A radical way to meet the challenge, would be to claim that it is never permissible to deliberately produce a child, because when one deliberately produces a child, one is producing that child for some end. That end is not the good of the child, as that would arguably be justificationally circular, since the fact that the child will exist is presupposed in talking of what is good for the child. Hence, on Kantian grounds, one is not treating a person as an end in producing the person for some purpose. On this view, then, human life can only be licitly produced by a process that has independent value not merely instrumental to the production of human life, such as marital union, and the process must be engaged in for the sake of that independent value. (George and Bradley have an essay where they make the more moderate, but still strong, claim that marital activity engaged in solely for reproductive purposes is wrong.) If the thought of reproduction at all enters into a morally upright decision to engage in the act of marital union on this view, it is not as an end but as a defeater-defeater (e.g., the couple is not in the mood for marital union, and their not being in the mood is a defeater for the reasons that couples have for marital union; but the possibility of reproduction maybe defeats the mood consideration).

This radical move strikes me as deeply implausible. But there is something to the worry that many possible reasons for having a child do treat the child as a means... Is there a way of defending a more plausible position that will rule out in vitro fertilization on the grounds that it treats the child as a means?

A counterexample to the Private Language Argument

Wittgenstein's Private Language Argument contends that it is impossible for one to form a language by oneself. Here's a counterexample. You live on an island that has no people other than yourself. You live for forty years there. Then you step in a time machine that was left there by someone else. You go back forty years. You do this 999 times. (Let's assume that the time machine also fixes up your body so you can live for a subjective length of 40000 years.) To an outsider, the island looks populated by a thousand people of remarkably similar appearance. There is a community there. But that community in fact includes only one person, you. So, it's possible to have a community with only one person. But there is no reason why such a community couldn't develop a language, since it functions just like all other communities do.

A fun question: Suppose Marcy and George join you on the island, but they don't do any time travel, and so there you are located in 1000 places on the island, and then there is Marcy and there is George. In elections, should you get 1000 votes, with each of them getting only one—there does, after all, seem to be a sense in which you have a lot more interests—or should each of the three people on the island get exactly one vote?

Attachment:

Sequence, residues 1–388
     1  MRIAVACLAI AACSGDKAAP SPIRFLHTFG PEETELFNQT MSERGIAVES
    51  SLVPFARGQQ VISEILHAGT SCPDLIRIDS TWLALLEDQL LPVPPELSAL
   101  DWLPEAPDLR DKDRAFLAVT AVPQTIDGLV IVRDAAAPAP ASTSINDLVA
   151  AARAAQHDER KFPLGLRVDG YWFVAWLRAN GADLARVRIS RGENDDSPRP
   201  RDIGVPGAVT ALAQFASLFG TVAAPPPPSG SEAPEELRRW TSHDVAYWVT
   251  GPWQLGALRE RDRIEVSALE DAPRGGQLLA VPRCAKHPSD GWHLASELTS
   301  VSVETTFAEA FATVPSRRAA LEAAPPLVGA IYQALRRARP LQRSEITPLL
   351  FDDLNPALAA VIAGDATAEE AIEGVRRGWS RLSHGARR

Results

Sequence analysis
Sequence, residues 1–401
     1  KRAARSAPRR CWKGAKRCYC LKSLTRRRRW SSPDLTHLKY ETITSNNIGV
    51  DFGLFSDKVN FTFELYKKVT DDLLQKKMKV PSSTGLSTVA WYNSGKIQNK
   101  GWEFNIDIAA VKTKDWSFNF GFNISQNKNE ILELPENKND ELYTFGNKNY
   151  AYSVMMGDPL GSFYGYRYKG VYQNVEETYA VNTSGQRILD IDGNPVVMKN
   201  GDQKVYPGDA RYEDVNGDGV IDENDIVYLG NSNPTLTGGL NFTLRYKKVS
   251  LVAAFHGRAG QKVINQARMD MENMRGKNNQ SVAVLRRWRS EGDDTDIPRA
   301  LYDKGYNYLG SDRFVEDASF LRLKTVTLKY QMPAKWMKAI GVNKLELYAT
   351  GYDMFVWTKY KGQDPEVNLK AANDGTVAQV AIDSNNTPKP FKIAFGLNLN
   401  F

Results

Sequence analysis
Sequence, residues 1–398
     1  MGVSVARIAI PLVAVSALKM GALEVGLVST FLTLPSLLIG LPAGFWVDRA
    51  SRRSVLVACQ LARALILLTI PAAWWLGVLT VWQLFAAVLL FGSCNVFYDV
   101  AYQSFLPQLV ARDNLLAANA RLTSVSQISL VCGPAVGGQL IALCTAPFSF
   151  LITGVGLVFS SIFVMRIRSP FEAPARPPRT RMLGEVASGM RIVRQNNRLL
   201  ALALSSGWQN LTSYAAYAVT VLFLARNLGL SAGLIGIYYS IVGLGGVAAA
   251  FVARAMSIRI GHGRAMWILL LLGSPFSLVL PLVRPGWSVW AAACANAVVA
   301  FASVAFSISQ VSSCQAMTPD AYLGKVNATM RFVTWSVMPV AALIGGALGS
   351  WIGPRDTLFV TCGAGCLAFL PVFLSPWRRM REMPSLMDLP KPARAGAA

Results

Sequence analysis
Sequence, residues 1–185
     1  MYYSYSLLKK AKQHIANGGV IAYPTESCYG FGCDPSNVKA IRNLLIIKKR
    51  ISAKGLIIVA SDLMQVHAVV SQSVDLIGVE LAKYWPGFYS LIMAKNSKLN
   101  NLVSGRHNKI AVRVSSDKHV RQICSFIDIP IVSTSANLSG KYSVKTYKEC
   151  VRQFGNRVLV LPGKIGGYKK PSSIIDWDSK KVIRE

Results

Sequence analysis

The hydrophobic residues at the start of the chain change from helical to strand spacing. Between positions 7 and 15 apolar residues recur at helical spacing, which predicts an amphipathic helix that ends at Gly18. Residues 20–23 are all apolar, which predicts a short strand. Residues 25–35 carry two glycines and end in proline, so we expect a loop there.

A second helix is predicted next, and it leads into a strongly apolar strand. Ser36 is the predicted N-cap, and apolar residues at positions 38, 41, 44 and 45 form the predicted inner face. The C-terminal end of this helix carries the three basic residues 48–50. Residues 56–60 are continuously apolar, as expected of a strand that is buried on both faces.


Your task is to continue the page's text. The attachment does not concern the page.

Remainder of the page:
By the way, the clip below illustrates the wrong way of imagining the scenario. In my scenario, it is a mistake to think of first the island having you in one place, then of it having you in two places, and so on. Over the 40 year period in my scenario, you always are in 1000 places.

Wednesday, February 27, 2008

Progress report: naturalism and persons

This is just a progress report, a promissory note without much argument. I've been thinking a lot about naturalism and persons. Specifically, I've been thinking whether there is room for persons in a naturalistic ontology. One lemma that I've become convinced of is that if necessarily all persons are substances, so that if x is a person, then for x to exist is not a matter of something beyond x having some property or standing in some relation, then naturalism is false. In an earlier post, I gave an argument for this conclusion based on speculative physics, but now I am convinced that the conclusion holds independently of the speculative physics. Basically, the idea is that if naturalism holds, strong AI is true (it would be too weird if naturalism were true but minds had to be tied to a biology like ours), but if strong AI is true, then I suspect it is possible for a token computer program to be a person, and token computer programs are not substances (their existence is a matter of a computer having a particular state).

Moreover, it is plausible that finite persons are ontologically homogeneous: if one finite person is a substance, they all necessarily are. If this is correct, then if we are substances, naturalism is false.

Are persons substances? Are we substances? If we adopt an Aristotelian ontology, there are three alternatives to a person being a substance: she might be accident-like (e.g., a trope or a token relation), she might be the essence of a substance, or she might not exist. I take it that persons exist. The same kinds of thoughts that suggest that if naturalism holds, persons need not be substances, also suggest that if naturalism holds, then persons need not be essences of substances. So, on this kind of ontology, the question comes down to: Can persons be accident-like?